Interbeing as a Framework for Integrating Self-Transcendent Psychedelic Experiences

This article explores the concept of “Interbeing”, drawn from Buddhist teacher Thich Nhat Hanh, as a framework for integrating psychedelic experiences. Join psychologist Tomas Frymann, MA as we explore how the interconnection which psychedelics make visible can offer us healing.


A childhood friend and I sat by a beachside cliff with a dead seal in between us, philosophizing about the nature of life, mushrooms chimerically coursing through our consciousness. The presence of death – so near, so mammalian, so striking, so perplexing, so intriguing – mixed with these divine fungi and a view of the shifting seas, fueled a sublime and simple epiphany that swept aside my pre-existing notion of self. “Wave and ocean are in exactly the same relationship as self and universe!” Wave is really just ocean in patterned movement. I am really just universe in patterned movement. Ocean moves and waves arise. Universe moves and peoples arise. Conscious mind n’ all. 

The Beatles got it right! “I am he as you are he as you are me, and we are all together.” A decade later of working with psychedelics, psychology, science, solitude, and sitting (meditation), I’ve recognized that this is perhaps the most fundamental epiphany of value to all contemplative practice. In short, it can be labelled the awareness of Interbeing, and it is a critical theme to focus on when preparing for and integrating psychedelic experiences. The reorientation of selfhood accompanying Interbeing awareness, thematic of many psychedelic trips, is the basis for much of the potential fear, potential awe, and potential transformation that may occur.

“A wave on the ocean has a beginning and an end, a birth and a death. If a wave only sees its form, with its beginning and end, it will be afraid of birth and death. But if the wave sees that it is water, identifies itself with water, then it will be emancipated from birth and death.”

The ocean-wave analogy of selfhood has been used for ages in the Zen tradition, and underscores the notion of Interbeing. As Thich Nhat Hanh, the monk who coined the term, stated: “A wave on the ocean has a beginning and an end, a birth and a death. If a wave only sees its form, with its beginning and end, it will be afraid of birth and death. But if the wave sees that it is water, identifies itself with water, then it will be emancipated from birth and death.”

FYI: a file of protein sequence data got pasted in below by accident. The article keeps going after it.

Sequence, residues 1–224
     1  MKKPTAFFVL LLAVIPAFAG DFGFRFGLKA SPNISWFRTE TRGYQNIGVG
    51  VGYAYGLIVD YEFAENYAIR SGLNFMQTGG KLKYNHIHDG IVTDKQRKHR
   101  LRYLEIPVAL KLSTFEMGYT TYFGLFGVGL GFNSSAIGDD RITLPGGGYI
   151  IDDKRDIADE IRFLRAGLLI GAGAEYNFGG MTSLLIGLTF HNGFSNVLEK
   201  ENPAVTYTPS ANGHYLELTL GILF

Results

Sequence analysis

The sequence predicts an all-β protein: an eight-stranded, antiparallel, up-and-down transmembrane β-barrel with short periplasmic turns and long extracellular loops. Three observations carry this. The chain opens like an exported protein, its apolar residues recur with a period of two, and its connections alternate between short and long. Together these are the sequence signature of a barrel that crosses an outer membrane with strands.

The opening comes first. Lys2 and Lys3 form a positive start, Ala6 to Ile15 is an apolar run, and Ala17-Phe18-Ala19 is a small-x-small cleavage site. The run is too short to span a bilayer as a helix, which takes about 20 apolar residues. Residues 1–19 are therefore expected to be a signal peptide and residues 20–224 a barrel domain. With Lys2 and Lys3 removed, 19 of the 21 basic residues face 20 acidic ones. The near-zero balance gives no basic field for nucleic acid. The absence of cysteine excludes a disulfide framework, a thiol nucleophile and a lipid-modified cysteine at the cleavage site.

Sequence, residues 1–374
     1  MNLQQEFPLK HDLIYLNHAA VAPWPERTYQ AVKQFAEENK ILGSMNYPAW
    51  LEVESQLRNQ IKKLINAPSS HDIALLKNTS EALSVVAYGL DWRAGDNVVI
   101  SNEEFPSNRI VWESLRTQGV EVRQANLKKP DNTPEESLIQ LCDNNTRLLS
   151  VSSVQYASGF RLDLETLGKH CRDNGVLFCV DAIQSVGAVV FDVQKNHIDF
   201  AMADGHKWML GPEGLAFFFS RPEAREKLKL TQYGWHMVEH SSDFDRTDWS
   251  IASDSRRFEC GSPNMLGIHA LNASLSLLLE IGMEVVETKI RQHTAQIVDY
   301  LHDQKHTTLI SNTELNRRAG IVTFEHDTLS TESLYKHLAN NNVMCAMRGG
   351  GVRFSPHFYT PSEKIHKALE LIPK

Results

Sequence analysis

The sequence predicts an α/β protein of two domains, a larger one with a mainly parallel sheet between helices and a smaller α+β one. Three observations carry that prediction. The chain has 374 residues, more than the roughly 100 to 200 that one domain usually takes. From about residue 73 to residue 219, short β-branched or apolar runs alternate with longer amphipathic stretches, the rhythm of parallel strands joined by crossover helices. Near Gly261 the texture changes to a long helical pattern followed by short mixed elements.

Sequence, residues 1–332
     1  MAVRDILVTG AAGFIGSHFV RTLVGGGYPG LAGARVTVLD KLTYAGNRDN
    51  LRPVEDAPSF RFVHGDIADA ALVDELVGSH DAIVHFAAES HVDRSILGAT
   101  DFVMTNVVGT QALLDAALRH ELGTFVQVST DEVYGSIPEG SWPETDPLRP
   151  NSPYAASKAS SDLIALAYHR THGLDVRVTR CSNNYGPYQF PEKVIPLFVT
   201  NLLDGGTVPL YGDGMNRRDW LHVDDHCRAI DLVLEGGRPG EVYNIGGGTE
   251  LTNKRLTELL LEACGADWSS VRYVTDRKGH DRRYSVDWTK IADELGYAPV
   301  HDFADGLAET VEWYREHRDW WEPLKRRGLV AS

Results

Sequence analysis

To go deeper into the analogy, with both wave and self there is an underlying and all-encompassing context (i.e the ocean / the universe). The context is inseparable from, and in fact is, the entirety of the “individual” (i.e. the wave / the self). Before my mushroom experience on the beach, I had seen myself purely as an individual – an embodied consciousness named Tomas, separate from other embodied consciousnesses.

Clearly “point-out-able” as a unitary and defined object.  Just like a wave, to which one could point, and say “Look at that wave. Let’s give it a name – John. Saying John this.. John that…” until becoming entirely deluded that there is something, “John”, that is separate from the ocean. Truly, the name John is just a reference to a continuing pattern of motion in the ocean. And the name “Tom” is just a label for a continuing pattern of motion in the universe – conscious, yet just as fused with its context as the wave is with water. 

Back to the story. Within the fraction of a second it took for the epiphany to hit the depths of my awareness – a space in which my eyebrows could begin to lift, eyes begin to open a little wider, mouth begin to take an “ahhhhh!” shape – my deep seated confusion and displeasure with death lightened. I had previously assumed at least some nebulous but fundamental aspect of myself was separate from the universe. Subtly, and perniciously, that default notion had also led me to:

  1. See myself as separate from nature.
  2. See myself as separate from other humans, and
  3. In that separateness to prioritize myself above nature and other humans.

In that dawning moment I felt a merger of my identity with the oceanic, background context that has given rise to all life and consciousness. I noticed that like a wave has no center, a self has no center.  And the drop of that self center made me less “self-centered.” At least so long as the awareness lasted… Unfortunately (and also fortunately), the induced state I was in did not last. But, the conditions were set for my life to take a turn for the better. A turn towards living Interbeing.